In 1973, the Leon Wyczółkowski Museum celebrated its 50th anniversary. In the same year, the institution obtained permission to take over the last granary in the complex on the Brda River at 7 Grodzka Street. The sixth decade of the Bydgoszcz Museum’s functioning brought with it great structural changes: as a result of the administrative reform carried out in the People’s Poland in 1975, the organization of some cultural institutions in the country was remodelled. The Bydgoszcz facility was granted the status of Regional Museum, making it an even stronger cultural centre in north-central Poland than before.
The moment of expanding the Museum’s activities in the second half of the 1970s to cover the entire region was one of the most important events in the institution’s history. The cooperation of the headquarters in Bydgoszcz with the local branches gave the facility a completely new character. At that time, the following branches of the Bydgoszcz Museum existed: the Museum of the Pałuki Region in Żnin, the Narrow-Gauge Railway Museum in Wenecja, the Pałucka Museum Chamber in Kcynia, and the Tuchola Forest Museum in Tuchola. In addition, the Bydgoszcz Museum conducted a kind of substantive supervision over other smaller museums in the Bydgoszcz Region. Preserved documents show that there was also a certain symbolic „priority” of the Regional Museum over the District Museum in Chojnice, the Museum of Jan Kasprowicz in Inowrocław or the Museum in Biskupin.
In that decade, the Museum also took over the use of post-industrial buildings located on Mill Island: the White and Red Granaries, the Miller’s House (currently part of the complex at 8 Mennica Street) and the building at 7 Mennica Street (now the Leon Wyczółkowski House). The introduced changes were related to the concept of tourism and cultural development of the Mill Island area, which was carried out in subsequent years. This popular area, which today is one of the main points of trips around Bydgoszcz, was then a rather neglected place with warehouses and residential premises. The inhabitants of Bydgoszcz could have been inspired by other projects of this type introduced in Western Europe, e.g., Berlin’s „Museum Island”. Bydgoszcz, which was referred to as Klein Berlin (Little Berlin) during the Prussian partition, was once again related to the capital of Germany through its urban solutions.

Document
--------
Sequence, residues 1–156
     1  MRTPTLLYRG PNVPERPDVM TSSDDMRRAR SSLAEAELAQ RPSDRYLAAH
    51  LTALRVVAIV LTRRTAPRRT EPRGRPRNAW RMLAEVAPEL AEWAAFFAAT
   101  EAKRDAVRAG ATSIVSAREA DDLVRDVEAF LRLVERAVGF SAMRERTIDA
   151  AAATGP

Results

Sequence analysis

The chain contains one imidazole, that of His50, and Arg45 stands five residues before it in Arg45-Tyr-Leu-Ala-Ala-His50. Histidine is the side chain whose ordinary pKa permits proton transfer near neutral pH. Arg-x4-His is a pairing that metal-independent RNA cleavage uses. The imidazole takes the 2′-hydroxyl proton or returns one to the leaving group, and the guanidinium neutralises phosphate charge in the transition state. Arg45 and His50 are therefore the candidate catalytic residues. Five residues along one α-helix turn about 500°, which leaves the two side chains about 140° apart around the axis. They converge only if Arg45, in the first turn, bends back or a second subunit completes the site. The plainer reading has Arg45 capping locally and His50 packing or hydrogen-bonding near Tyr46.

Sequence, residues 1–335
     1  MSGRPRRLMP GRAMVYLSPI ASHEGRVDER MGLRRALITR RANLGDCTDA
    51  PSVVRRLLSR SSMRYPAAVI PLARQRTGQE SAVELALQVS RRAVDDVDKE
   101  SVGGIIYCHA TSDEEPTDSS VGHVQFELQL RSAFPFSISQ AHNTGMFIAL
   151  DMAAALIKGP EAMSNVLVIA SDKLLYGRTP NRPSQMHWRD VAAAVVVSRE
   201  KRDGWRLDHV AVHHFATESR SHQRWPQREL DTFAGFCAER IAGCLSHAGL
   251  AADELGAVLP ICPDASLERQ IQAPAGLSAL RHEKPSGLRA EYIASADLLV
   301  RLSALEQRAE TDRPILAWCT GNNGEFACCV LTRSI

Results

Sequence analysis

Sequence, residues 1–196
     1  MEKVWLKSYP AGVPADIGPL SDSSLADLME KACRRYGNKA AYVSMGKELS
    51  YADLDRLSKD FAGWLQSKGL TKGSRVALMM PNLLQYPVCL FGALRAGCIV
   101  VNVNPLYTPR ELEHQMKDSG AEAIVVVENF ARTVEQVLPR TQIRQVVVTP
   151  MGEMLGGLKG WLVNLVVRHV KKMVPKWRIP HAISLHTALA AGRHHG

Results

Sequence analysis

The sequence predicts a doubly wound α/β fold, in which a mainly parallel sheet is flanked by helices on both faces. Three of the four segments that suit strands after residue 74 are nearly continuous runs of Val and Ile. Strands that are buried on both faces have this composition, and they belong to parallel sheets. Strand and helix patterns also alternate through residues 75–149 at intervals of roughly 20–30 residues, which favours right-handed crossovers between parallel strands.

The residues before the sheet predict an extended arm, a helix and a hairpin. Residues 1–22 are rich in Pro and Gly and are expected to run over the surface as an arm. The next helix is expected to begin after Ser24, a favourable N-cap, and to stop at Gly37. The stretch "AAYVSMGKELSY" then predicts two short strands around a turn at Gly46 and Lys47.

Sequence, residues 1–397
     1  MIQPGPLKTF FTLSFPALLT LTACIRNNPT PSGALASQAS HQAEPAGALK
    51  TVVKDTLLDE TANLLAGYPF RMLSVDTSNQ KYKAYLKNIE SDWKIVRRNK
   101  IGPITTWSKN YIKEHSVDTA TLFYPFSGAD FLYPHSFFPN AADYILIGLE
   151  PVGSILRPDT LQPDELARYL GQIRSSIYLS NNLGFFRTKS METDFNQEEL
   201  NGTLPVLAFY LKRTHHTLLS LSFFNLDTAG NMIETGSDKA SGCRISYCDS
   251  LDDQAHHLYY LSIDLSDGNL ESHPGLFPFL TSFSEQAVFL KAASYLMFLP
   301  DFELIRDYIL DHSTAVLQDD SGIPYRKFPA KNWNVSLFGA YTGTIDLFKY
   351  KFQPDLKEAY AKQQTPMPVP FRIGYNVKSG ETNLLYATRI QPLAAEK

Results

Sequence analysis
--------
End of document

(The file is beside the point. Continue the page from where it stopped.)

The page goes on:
Traditionally, Polish contemporary art occupied a special place among the developed collections. Thanks to the establishment of relations with Desa in Kraków and Nowa Huta, the collections were regularly supplemented with the works of members of the „Krakow Group”. An important moment in the institution’s history was the acquisition of a collection of 56 works by Jan Cybis. In the years 1981-1982, the communist authorities tried to prevent the purchase of works from artists who opposed the policy of the People’s Republic of Poland and the introduction of martial law.
In 1976, the Museum was enriched with a gift of over 800 graphic and drawing works by Ewa Śliwińska. Numismatic collections grew rapidly. At that time, the most valuable acquisition was the collection of Stanisław Niewitecki, including siege coins from 1577. There were also many historical artefacts, including those related to the interwar period or World War II.
The extension of the Museum’s structure and resources resulted in the expansion of activities in the field of exhibitions. Monographic shows of artists known in the world of culture and art were organized, e.g., Ewa Śliwińska (1977), Stanisław Ostoja Chrostowski (1978), and Ewelina Michalska (1978). In 1978, the Graphics by Leon Wyczółkowski exhibition was organized at the Centre for Polish Information and Culture in Berlin, and in 1981 Polish Painting 1944-1979 at the Warsaw Central Bureau of Art Exhibitions „Zachęta”. An important event in the history of both the Museum and Bydgoszcz was the Where Soldiers from Those Years exhibition (1973). The show was accompanied by a campaign of collecting memorabilia and memories of the Polish Army soldiers from the defensive war of 1939. Veterans’ accounts were published in the press. In addition, exhibitions were prepared for state anniversaries and those related to the workers’ movement. In the 1970s, the Museum organized exhibitions in Bydgoszcz’s institutions, cultural centres and associations, as well as exhibitions of monuments in shop and pharmacy windows. Interesting exhibitions also appeared in local museum branches.
An annual form of presenting the works of young artists, starting from the first edition in 1977, was the post-competition exhibition Little Masters of Brushes and Palettes. The event was addressed to children and teenagers. In 1980, the Museum initiated the implementation of „museum lessons”.
In a letter addressed to the Museum on April 14, 1982, by Czesław Kościecha, director of the Department of Culture and Art of the Provincial Office in Bydgoszcz, we read: The current political and socio-economic situation of the country is not conducive to organizing events, especially if they are to be characterized by formalism and superficiality (…) Events in the current year should be carried out as economically as possible, based primarily on the financial resources at the disposal of local authorities and institutions. Despite these limitations, the Regional Museum continued to expand its collections and develop its exhibition-educational and scientific-publishing offers.